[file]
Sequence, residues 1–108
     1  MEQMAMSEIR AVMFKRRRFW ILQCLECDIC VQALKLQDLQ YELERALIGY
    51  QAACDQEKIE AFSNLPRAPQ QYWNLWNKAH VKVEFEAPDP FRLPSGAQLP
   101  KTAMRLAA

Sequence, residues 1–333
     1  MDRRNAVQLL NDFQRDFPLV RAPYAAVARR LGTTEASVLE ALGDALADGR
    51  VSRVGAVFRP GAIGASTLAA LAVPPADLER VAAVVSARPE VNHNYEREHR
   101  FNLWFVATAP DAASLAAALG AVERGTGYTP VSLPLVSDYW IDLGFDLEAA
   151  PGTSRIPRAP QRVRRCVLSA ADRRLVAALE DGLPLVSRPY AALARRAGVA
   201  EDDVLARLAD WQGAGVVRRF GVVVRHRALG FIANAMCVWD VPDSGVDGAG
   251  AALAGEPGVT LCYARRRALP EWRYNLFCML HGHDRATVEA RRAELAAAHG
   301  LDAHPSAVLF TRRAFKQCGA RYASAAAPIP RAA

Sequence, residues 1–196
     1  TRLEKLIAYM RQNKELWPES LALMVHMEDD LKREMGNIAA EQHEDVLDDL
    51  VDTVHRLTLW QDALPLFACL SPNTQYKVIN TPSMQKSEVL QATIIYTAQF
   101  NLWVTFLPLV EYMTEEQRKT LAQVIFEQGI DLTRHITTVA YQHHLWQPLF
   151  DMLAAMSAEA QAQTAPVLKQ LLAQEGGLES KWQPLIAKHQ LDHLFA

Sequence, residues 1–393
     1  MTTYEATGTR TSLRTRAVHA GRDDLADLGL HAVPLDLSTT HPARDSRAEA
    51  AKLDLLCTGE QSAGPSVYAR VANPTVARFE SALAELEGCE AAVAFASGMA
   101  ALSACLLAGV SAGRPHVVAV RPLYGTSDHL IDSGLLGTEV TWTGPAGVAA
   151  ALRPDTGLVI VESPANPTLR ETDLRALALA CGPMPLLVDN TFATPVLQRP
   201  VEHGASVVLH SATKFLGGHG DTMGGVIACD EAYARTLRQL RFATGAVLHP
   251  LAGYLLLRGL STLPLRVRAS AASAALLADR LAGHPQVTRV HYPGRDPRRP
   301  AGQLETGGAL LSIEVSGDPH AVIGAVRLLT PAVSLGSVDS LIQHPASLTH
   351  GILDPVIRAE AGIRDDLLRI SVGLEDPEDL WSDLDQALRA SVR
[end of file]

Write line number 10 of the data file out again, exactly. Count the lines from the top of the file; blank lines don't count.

   201  EDDVLARLAD WQGAGVVRRF GVVVRHRALG FIANAMCVWD VPDSGVDGAG